It’s eyes on the skies over the next few weeks as Scotland’s stargazers prepare for some potentially dazzling celestial shows.
With three of some of the brightest meteor showers ahead, we have the Leonids and the Ursids as well as the Geminids to look forward to.
Meteor showers occur when the Earth ploughs into small particles in space left behind by a comet or asteroid.
The particles are about the size of a grain of sand and what we are actually looking at is the glow of the hot air shining because of the friction caused by the high speed they’re travelling at.
If it is a clear night then they are often visible with the naked eye but of course that is dependent on the notoriously fickle Scottish weather, but with some dark and frosty nights ahead we could be in for a bit of luck.
In recent years, some lucky observers have seen some spectacular displays.
The best place to see a meteor shower, as ever, will be away from large areas of light so it’s best to get out of the city limits and wrap up warm.
Meteors also often come in spurts so allow yourself plenty of viewing time. Your best time to see them will generally be between the hours of midnight and dawn.
There’s no need to use binoculars or a telescope though, your eyes are actually the best tool available for spotting these amazing displays.
So just grab a hot cocoa and keep your eyes on the sky – and eventually your patience will be rewarded.
Leonids – November 17/18
The Leonids shower has a cyclic peak year every 33 years, when hundreds of meteors can be seen each hour.
The last of these peaks was in 2001, so we still have a few years to go before the next peak, but that doesn’t mean we don’t still get a bit of a show.
This year, the shower peaks on the night of November 17, but meteors associated with this shower can often be seen for several days before and after.
The Leonids are usually a modest shower, with typical rates of about 10 to 15 meteors per hour at the peak, in the darkness before dawn.
This shower has been known to produce meteor storms, but no Leonid storm is expected this year.
Geminids – December 14/15
The stunning Geminids meteor shower takes place in December.
Considered by many to be the best meteor shower in the night sky, the Geminids can produce up to 60 multi-coloured meteors per hour at their peak.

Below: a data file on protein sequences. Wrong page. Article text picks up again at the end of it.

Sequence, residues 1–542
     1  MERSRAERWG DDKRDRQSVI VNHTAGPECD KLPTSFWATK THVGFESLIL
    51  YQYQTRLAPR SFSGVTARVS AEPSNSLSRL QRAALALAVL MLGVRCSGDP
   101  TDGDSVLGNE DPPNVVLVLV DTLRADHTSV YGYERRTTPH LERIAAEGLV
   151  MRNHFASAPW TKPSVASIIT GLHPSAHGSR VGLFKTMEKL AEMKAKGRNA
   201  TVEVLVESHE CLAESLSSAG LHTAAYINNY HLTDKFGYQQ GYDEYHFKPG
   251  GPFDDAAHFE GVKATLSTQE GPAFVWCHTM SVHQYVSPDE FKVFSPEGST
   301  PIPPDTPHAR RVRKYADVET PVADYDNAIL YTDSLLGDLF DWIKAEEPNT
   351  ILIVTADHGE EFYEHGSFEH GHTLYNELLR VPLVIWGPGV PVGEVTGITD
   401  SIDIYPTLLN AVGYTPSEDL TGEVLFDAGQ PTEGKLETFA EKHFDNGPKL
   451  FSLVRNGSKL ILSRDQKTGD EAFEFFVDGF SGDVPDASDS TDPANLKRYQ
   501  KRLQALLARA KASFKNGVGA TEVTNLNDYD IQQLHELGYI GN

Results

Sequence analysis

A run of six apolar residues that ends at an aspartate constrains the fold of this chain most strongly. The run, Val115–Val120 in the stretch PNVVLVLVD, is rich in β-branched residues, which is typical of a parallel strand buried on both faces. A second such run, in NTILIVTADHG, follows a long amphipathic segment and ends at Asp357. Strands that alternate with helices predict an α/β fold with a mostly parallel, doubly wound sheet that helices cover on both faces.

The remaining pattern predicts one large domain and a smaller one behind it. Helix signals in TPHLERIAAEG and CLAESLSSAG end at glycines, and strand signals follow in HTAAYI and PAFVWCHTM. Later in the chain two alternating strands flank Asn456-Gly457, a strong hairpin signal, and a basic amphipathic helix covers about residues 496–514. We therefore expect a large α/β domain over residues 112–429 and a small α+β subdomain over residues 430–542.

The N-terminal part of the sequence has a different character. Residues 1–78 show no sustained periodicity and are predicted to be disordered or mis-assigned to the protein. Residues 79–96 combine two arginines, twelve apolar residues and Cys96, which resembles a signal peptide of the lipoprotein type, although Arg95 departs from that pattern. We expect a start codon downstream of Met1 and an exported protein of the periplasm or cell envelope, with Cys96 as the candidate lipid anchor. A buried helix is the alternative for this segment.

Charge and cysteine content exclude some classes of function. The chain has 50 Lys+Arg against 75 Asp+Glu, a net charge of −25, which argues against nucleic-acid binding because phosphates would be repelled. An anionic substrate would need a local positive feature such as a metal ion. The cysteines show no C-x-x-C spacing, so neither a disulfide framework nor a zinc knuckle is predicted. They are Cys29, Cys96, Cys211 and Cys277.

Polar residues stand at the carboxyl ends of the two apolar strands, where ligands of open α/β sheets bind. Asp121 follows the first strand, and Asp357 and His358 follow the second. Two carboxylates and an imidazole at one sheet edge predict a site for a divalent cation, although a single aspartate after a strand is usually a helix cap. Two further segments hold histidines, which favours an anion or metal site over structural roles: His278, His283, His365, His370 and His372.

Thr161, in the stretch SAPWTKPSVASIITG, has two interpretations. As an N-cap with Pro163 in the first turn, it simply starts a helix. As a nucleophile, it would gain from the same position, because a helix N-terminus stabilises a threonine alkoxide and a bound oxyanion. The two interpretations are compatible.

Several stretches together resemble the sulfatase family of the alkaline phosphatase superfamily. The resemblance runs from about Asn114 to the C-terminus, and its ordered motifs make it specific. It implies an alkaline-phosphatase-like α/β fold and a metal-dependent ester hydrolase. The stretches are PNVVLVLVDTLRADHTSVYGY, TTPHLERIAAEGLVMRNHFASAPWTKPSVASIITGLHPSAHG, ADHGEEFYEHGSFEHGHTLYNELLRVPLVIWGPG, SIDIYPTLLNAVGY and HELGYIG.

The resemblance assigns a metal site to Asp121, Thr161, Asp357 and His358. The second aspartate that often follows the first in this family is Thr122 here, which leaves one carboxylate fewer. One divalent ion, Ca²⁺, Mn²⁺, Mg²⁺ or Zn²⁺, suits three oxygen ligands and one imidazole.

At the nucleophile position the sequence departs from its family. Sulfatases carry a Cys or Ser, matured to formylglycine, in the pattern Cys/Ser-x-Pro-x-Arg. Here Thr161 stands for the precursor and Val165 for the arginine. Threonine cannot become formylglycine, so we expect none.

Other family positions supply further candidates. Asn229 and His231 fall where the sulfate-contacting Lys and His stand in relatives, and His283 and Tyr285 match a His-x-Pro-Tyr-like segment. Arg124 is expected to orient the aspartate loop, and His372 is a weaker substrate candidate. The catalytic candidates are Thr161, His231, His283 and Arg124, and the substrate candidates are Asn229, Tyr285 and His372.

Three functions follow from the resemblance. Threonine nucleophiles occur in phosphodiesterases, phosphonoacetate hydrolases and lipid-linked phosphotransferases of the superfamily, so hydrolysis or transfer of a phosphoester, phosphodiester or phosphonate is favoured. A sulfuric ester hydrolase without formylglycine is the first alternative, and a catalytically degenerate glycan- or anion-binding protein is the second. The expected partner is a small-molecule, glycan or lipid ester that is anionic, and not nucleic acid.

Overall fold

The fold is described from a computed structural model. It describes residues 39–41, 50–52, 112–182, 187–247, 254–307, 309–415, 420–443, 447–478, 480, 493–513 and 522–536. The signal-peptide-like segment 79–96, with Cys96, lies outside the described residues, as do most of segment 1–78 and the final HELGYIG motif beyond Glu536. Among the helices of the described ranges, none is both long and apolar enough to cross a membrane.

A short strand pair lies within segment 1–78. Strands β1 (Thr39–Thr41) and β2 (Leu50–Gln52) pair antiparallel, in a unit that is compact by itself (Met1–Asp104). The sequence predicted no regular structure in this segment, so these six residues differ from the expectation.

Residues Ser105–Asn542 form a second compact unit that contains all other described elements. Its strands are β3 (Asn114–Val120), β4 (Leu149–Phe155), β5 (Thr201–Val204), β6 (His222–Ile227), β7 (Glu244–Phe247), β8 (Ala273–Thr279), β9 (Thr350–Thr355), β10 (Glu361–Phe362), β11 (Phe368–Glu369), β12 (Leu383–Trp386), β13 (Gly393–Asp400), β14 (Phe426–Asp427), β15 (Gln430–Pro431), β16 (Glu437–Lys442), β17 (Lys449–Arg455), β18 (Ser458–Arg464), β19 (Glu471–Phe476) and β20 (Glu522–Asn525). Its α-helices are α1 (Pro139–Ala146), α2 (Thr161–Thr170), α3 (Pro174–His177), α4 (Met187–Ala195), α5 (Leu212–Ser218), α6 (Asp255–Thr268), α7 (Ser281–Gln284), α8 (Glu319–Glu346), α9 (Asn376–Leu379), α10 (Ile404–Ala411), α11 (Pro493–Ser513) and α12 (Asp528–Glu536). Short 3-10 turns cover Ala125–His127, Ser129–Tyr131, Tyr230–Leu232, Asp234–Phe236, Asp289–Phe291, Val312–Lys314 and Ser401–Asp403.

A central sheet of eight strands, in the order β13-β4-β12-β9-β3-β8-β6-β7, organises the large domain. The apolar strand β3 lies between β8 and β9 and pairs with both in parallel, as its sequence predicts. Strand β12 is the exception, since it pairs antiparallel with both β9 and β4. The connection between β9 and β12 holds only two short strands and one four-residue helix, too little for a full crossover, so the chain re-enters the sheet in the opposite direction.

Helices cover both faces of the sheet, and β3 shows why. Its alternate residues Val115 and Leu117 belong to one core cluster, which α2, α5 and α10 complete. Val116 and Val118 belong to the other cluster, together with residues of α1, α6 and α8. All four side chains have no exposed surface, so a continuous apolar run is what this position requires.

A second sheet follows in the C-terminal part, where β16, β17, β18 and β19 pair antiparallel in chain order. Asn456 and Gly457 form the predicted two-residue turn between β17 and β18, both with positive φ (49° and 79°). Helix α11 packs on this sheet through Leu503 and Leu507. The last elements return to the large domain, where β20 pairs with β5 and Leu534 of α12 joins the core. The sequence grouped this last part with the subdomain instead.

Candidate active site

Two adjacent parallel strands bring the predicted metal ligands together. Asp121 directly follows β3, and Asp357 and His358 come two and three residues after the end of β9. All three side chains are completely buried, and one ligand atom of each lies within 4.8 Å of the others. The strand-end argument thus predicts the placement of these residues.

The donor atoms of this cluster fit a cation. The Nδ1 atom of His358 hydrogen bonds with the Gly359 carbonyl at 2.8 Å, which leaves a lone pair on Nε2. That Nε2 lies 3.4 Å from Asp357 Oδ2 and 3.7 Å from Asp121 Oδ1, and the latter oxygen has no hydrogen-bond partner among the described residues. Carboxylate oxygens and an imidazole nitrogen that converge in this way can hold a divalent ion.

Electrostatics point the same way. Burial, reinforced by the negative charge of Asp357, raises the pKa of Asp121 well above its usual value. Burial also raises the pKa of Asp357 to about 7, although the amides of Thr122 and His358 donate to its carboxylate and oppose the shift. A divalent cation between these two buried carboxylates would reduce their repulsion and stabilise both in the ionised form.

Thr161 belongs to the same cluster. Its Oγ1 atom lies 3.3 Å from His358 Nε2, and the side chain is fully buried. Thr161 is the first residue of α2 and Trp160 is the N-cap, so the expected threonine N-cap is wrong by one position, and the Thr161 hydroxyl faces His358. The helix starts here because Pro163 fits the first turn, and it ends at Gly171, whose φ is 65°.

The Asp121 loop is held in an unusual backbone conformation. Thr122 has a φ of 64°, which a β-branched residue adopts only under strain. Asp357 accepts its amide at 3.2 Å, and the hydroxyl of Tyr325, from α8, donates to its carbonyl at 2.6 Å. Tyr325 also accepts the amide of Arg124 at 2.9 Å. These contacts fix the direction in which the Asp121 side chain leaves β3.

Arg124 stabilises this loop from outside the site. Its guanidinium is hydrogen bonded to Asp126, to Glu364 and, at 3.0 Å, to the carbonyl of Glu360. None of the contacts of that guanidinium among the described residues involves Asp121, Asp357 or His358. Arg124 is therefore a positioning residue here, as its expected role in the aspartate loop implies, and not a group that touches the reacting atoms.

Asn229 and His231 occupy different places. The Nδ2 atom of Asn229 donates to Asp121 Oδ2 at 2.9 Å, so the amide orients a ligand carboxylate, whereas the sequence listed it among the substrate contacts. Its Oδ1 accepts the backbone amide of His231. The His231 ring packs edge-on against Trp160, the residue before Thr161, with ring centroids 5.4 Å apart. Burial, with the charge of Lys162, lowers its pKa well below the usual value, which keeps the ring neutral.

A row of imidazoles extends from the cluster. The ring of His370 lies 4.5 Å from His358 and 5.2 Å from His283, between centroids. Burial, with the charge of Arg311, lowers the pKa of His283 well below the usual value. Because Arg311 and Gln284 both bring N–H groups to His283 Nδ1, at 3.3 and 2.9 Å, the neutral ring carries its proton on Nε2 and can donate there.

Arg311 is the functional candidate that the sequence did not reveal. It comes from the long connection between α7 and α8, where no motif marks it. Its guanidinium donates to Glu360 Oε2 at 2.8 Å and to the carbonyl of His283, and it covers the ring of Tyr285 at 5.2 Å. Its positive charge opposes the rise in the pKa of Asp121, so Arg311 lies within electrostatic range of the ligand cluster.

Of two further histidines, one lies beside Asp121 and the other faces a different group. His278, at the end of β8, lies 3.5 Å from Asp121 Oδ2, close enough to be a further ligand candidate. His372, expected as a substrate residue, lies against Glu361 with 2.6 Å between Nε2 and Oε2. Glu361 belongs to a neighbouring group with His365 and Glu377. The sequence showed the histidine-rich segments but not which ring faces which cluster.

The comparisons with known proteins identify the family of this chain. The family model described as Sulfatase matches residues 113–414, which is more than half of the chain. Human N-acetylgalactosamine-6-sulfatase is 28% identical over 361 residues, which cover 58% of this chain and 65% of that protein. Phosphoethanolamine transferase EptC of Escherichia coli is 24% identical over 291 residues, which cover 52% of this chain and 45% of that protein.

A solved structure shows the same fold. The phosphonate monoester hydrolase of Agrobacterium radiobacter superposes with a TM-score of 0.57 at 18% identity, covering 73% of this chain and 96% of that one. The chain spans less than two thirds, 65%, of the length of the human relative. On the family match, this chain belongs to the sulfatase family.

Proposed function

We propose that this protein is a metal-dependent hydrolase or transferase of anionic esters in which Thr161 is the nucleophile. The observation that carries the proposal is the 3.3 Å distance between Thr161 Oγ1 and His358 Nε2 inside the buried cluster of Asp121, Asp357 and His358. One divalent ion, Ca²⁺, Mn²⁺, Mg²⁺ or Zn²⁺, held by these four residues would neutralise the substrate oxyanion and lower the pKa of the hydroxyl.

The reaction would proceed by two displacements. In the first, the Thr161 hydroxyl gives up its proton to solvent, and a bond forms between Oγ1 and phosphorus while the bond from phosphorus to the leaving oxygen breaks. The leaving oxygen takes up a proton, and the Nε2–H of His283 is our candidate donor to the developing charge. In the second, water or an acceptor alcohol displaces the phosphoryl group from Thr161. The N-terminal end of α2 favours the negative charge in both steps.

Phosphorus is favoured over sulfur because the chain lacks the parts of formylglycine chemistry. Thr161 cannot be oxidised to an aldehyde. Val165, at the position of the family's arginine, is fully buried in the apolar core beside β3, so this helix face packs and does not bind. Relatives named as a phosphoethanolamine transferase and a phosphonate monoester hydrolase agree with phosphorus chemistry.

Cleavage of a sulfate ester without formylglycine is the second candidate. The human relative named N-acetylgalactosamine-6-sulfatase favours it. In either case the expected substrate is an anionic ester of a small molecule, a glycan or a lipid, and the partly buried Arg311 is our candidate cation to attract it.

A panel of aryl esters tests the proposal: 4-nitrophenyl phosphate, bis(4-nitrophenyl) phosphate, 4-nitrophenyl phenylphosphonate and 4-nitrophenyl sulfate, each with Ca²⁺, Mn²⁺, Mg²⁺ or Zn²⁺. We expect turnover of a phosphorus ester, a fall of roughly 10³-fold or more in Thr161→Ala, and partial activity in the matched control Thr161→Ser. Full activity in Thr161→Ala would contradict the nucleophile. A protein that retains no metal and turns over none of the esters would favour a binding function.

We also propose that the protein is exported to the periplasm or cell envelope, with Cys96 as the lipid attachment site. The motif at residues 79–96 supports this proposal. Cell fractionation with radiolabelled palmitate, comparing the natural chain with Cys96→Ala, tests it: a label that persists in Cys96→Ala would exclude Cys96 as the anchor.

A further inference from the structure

The Geminid shower was first noted in the 1860s and astronomers believe it is intensifying with each year that passes.
Peaking during mid-December each year, they are now considered to be one of the best and most reliable annual meteor showers. Some reports have recorded between 120 and 160 meteors per hour during optimal conditions.
Created by debris from the 3200 Paethon asteroid that passes close to the sun during its orbit, the meteors travel up to 22 miles per second and burn up at around 24 miles above the Earth.
The Geminids are bright and fast meteors, and one of the few meteor showers that can be seen from both the northern and southern hemispheres.
They are also able to reach deeper and burn lower in Earth’s atmosphere than many other meteor storms, creating beautiful long arcs which last a second or two.
Another special feature of the Geminids is the colour of the meteors it produces, which in addition to glowing white also can appear yellow, blue, red and green.
Ursids – December 22/23
The Ursids is generally classed as low-key meteor shower, producing a handful of meteors or shooting stars every hour with a peak around the December solstice.
At its peak, in a dark sky, this shower offers around five to 10 meteors per hour during the predawn hours, but it’s been known to have good years, with 100 meteors per hour seen, and that’s why people watch for it.
In 1945 and 1986, for instance, 50 per hour were observed — but experts say that such events are rare.
In 2019, “we’re not expecting an outburst,” NASA meteor expert Bill Cooke told Space.com. “But the Ursids have surprised us before.”
Scotland’s top dark sky spots
Spey Valley, Cairngorms National Park
Home to very dark skies in autumn and winter, as well as many distilleries for a warming wee dram.
Loch Trool, Galloway Forest Park
Galloway Forest Park is a huge natural wonderland with miles of forested glens, lochs and the highest hills in southern Scotland.
Here, there are few buildings and even less light pollution. The International Dark Sky Association chose it to be the very first national park in the UK to be honoured with Dark Sky Park status.
Moffat – a Dark Sky Town
Moffat in Dumfries and Galloway takes the title of Europe’s first Dark Sky Town, having adopted special street lighting to keep light pollution to a minimum in order to preserve the wondrous starry skies.
North West Sutherland, between Kylesku and Inchnadamph
Arguably the darkest sky location in the UK and possibly Europe, ideal for taking in the wonder of the dark skies above.
Skye, Inner Hebrides
Nine locations on Skye have been officially named Dark Discovery Sites after they were judged to be perfect spots for stargazing.
How can I capture it on camera?
- Head out of the city to a dark site location
- It is best to use a wide-angle lens if you have one
- Meteors shoot across very fast so you might want to try a wide aperture. A 16-mm f/2 lens will capture more.
- Set the camera and lens to manual focus. Focus on the brightest star or planet in the sky and then make sure your camera won’t be accidentally bumped. A tripod is a must.
- ISO will vary, but 1600 tends to work well for many shots.
- Shoot a custom white balance on the sky itself to remove light pollution.
- Turn off Long-Exposure Noise Reduction (LENR) if your camera has this setting.
- Use the self timer to open the shutter. If you have a remote release you can skip this step.
If you do manage to capture a meteor shower on camera we’d love to see your photographs! Please send them in to the STV Weather desk by emailing [email protected].